The good news is that even though the Parse service is shutting down, it has open sourced its underlying software so that Parse customers can still experience the power of their platform. The missing component is now the hosting, and the Parse team has done a good job of giving its customers alternatives on how to host each of the components of the Parse platform, along with tools to help customers migrate their apps.

To run a Parse app in the cloud using the open-source software there are two components that need hosting:

  1. The Parse Server, written in Node.js
  2. The database that underlies Parse, which is MongoDB

We have been working with the Parse team for some months to help ensure that Parse customers have a great option for where they host the database component of their app following the closure of the Parse service, and we welcome Parse customers to the MongoLab MongoDB-as-a-Service platform.

Using MongoLab to host the database component of your Parse app will free you from having to run and manage MongoDB yourself. We handle all of the automation around database provisioning and scaling, ensure timely backups of your database are taken each day, and provide a suite of great tools to help you manage your data. Our multi-node MongoDB clusters also offer High Availability and failover so that your app stays running even in the face of infrastructure failure, and is available whether you host your Parse app on Amazon, Azure, or Google.

In the past week, we have seen a good number of Parse customers migrating to our service. We feel we are starting have a good handle on the process and the types of speed bumps customers may face while migrating. Over the next few weeks we will be releasing a FAQ that encapsulates these learnings in order to help customers navigate the process smoothly.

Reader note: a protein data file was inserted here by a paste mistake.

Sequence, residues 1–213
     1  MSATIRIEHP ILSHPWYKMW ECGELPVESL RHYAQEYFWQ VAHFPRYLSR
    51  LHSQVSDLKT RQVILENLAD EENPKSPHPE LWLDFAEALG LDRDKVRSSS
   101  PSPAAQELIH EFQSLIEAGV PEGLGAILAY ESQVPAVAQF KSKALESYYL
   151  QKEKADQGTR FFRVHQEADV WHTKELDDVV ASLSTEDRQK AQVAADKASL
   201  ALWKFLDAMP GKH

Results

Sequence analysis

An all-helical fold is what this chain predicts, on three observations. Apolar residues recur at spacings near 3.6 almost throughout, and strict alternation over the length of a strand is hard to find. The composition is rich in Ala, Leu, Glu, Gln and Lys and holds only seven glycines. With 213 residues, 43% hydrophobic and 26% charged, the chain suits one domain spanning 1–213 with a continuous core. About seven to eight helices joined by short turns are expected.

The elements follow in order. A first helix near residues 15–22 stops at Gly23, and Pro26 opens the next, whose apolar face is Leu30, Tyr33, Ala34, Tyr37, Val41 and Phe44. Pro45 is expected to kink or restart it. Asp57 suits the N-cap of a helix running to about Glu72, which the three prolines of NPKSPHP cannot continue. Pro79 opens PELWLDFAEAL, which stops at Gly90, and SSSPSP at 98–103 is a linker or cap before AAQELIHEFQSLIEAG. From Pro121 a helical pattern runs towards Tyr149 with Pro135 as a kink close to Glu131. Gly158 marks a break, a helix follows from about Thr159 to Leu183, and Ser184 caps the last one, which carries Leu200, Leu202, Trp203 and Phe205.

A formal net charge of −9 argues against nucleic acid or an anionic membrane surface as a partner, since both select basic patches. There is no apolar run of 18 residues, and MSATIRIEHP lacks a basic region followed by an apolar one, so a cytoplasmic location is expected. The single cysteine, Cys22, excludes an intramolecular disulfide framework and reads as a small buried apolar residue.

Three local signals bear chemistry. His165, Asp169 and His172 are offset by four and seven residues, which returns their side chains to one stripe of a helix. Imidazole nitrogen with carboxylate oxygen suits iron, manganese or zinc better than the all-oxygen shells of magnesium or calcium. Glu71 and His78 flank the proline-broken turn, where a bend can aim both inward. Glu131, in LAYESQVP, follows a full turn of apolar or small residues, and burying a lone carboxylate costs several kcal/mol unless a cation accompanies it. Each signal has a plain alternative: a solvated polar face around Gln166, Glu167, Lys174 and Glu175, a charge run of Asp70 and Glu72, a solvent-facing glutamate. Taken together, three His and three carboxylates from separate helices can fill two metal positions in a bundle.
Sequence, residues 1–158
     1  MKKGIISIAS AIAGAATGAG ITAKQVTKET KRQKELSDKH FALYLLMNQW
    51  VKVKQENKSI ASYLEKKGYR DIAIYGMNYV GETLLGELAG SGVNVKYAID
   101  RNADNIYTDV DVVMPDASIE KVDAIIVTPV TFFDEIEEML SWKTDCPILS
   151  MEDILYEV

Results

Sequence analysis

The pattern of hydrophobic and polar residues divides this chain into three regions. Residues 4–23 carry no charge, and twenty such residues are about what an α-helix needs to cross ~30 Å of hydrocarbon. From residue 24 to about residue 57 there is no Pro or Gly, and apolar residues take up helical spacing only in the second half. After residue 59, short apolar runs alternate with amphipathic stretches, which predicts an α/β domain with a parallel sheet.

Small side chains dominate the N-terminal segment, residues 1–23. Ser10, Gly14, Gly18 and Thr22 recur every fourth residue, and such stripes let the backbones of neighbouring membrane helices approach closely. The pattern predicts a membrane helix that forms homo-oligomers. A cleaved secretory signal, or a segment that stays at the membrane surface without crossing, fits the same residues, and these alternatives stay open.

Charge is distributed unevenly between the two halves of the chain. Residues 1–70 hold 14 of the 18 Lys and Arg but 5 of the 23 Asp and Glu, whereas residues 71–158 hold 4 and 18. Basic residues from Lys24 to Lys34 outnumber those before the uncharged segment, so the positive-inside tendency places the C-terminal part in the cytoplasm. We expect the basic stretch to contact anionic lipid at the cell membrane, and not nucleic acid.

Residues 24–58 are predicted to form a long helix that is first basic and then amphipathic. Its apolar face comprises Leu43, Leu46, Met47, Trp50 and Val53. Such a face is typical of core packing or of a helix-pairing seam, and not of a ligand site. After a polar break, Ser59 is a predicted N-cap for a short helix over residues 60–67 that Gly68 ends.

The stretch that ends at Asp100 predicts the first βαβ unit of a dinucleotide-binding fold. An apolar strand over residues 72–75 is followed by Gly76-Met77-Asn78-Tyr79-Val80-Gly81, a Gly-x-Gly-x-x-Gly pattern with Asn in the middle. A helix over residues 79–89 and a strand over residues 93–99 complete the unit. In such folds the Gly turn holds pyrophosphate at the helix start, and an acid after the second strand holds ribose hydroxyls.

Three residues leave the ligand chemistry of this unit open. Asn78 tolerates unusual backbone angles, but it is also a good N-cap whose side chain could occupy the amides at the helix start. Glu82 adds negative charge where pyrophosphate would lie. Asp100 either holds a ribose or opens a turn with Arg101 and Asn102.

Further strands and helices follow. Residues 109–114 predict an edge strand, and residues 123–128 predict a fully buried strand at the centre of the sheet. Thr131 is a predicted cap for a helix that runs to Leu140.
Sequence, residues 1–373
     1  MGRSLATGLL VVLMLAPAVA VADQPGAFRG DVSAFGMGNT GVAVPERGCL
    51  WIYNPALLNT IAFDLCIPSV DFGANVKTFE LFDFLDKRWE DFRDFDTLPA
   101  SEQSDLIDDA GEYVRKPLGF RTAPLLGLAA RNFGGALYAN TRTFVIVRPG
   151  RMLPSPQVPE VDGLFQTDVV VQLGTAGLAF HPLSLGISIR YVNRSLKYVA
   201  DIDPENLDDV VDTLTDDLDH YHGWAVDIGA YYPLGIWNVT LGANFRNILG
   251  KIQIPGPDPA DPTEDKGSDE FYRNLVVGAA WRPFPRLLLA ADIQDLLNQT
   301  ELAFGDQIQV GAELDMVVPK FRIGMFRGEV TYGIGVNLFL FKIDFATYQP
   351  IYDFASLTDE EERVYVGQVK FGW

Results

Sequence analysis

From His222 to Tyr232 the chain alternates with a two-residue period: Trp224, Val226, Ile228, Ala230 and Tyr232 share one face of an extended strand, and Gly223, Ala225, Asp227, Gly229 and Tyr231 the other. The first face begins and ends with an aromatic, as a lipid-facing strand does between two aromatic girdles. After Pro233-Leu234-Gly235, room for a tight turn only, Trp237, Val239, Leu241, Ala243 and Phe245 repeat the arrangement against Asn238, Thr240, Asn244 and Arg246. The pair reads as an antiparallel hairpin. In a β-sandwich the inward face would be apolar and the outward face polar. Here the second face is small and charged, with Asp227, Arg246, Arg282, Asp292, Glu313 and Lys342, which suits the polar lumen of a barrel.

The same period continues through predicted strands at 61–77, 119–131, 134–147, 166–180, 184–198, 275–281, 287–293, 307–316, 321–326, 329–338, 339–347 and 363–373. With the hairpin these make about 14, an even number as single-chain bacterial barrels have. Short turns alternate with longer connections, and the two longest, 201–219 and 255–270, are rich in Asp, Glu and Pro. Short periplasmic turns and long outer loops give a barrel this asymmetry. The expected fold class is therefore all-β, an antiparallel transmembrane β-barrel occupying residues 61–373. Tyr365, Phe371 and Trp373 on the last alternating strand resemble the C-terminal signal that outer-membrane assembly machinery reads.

In the meantime, if you have any questions or need migration help we invite you to email us at We look forward to helping you build the future.

Help save Robomongo with your donation

We recently learned that the team behind Robomongo, a free and open source MongoDB admin GUI, are in need of funds to keep the project going. The project, which has over 3,622 stargazers on GitHub, is a valuable free tool for the MongoDB community. We know that many of you, our customers, use and love Robomongo, so let’s try and help them!

The Robomongo team is currently fundraising on Indiegogo. To help support them, we’re announcing that MongoLab will match all donations starting now for a total of up to $15,000. Donate now and help save Robomongo!

New Telemetry features – metric descriptions and alert incidents

If you are running MongoDB in production, you should have a robust uptime and historical monitoring solution for every database deployment. Uptime monitoring ensures that your application runs smoothly by tracking database stability and alerts you to take action if necessary. Historical monitoring helps you analyze and compare database and operating system metrics over time so that you can make informed decisions when tuning and scaling your database.

Telemetry, our real-time and historical monitoring tool, provides a customizable dashboard and alerting system that allows you to track key MongoDB metrics, analyze specific points in time, and configure custom alert thresholds. We’ve now made Telemetry even easier to work with by adding metric descriptions for each graph along with a list of alert incidents.

Metric descriptions in UI

Telemetry CPU graph

You may have noticed the new “?” icon located on every Telemetry chart. If you click on the icon, you can view the descriptions for each metric. For example, the CPU metric descriptions are the following:

Telemetry metrics help text

We hope these descriptions help you better understand each metric and serve as a quick reference when you are reading the charts or configuring alerts.

Telemetry alert incidents

Telemetry also allows you to create custom alerts. For example, you may want to configure an alert whenever the CPU User metric exceeds 75%. You can visit our Telemetry documentation for more information on how to configure Telemetry alerts and set up different notification channels.